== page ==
Health: The explosive tantrums that can run deeper

Raising awareness: Parent-turned-author Jane Sherwin at her Leeds talk with Helen Teasdale, founder of the Jigsaw Tree. Photo: Geoff Gibbs.
Raising awareness: Parent-turned-author Jane Sherwin at her Leeds talk with Helen Teasdale, founder of the Jigsaw Tree. Photo: Geoff Gibbs.
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Every parent lives in dread of the so-called ‘terrible twos’ – the unruly behaviour and ill-timed tantrums.

We’ve all witnessed the car seat struggles or mid-supermarket outbursts that come as part of the learning curve of parenthood, but an increasing number of youngsters are being diagnosed with a condition that means their meltdowns run deeper.

Pathological Demand Avoidance Syndrome (PDA), which is recognised as part of the autistic spectrum, is an in-built need to be in control and to avoid the demands and expectations of others.

First identified in the 1980s by Professor Elizabeth Newson, little is known about PDA and its causes but experts believe it is severely under-diagnosed.

Parent-turned-author Jane Sherwin, 44, gave a presentation at Age UK Leeds to parents from the Jigsaw Tree and ABC Leeds support groups on her experiences in seeking a PDA diagnosis for her 11-year-old daughter Molly on Saturday.

“You could be in a car park and get stuck, and if you forced her in she would just undo the car seat and attack you while you were driving,” she said. “You had to wait until she did it on her own accord.”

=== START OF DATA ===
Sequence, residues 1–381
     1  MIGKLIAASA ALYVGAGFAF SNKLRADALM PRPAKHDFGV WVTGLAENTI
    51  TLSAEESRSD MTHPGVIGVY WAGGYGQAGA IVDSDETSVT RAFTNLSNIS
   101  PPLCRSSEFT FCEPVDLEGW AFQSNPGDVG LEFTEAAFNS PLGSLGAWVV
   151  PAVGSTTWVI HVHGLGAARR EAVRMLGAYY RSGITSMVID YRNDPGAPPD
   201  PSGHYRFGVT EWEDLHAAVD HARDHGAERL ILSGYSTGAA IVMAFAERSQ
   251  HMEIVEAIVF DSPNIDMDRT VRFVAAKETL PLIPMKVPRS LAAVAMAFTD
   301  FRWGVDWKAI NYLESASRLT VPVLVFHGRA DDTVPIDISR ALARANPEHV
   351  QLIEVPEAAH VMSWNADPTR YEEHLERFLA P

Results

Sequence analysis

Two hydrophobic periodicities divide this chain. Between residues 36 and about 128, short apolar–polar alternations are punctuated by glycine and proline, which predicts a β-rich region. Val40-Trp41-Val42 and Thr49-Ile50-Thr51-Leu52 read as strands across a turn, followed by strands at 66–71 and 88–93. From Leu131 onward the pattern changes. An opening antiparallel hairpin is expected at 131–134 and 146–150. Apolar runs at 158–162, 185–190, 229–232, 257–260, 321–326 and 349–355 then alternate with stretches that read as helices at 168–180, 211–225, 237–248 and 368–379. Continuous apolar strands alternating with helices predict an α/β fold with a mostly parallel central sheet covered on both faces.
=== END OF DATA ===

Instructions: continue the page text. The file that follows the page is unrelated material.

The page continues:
She faced daily backlashes which “exploded” at school. Ms Sherwin said: “I was being hit, kicked, beaten and having my house trashed every day.”

Her book ‘My Daughter is Not Naughty’ documents her struggle to get the Molly’s condition properly diagnosed where she lives in Stoke as well as strategies that helped her lessen her daughter’s anxiety such as masking demands.

Behaviour that might be considered naughty comes as a result of a PDA child not being able to cope with demands, which increases anxiety and can cause them to lash out.

Clinicians at the Elizabeth Newson Centre, in Nottingham, have found striking similarities between children deemed to have ‘atypical autism’, where they shared unusual resistance to everyday demands, even linked to things they enjoy.

For most children avoiding demands is a phase but this continues with PDA children.

Mum-of-four Jen Beaumont, from Rawdon, said she was seen as a parent who worried too much when she first flagged up her seven-year-old son Callum’s issues three years ago.

She said: “I have three other children and they refuse to be told and push the boundaries but this was to a degree that was so intense. He just couldn’t do it. It’s frightening to watch.”

The 28-year-old read up on autism and with help from her Leeds GP, local NHS and the Special Educational Needs Co-ordinator at Callum’s school got a PDA diagnosis last week.

“It’s about awareness, if you don’t know about PDA you start to blame yourself,” she said. “The more people are aware the more they can make informed judgements.”

FACTFILE

- The Jigsaw Tree support group co-organised the Jane Sherwin presentation.

- The organisation, which is based in east Leeds, is an online resource and community set up by Helen Teasdale in September 2014 for families touched by autism.

- Around 30 people are involved in the organisation. Visit www.thejigsawtree.org for further information.

- For more on Jane Sherwin visit understandingpda.com.

- For more on PDA see www.thepdaresource.com or www.pdasociety.org.uk.

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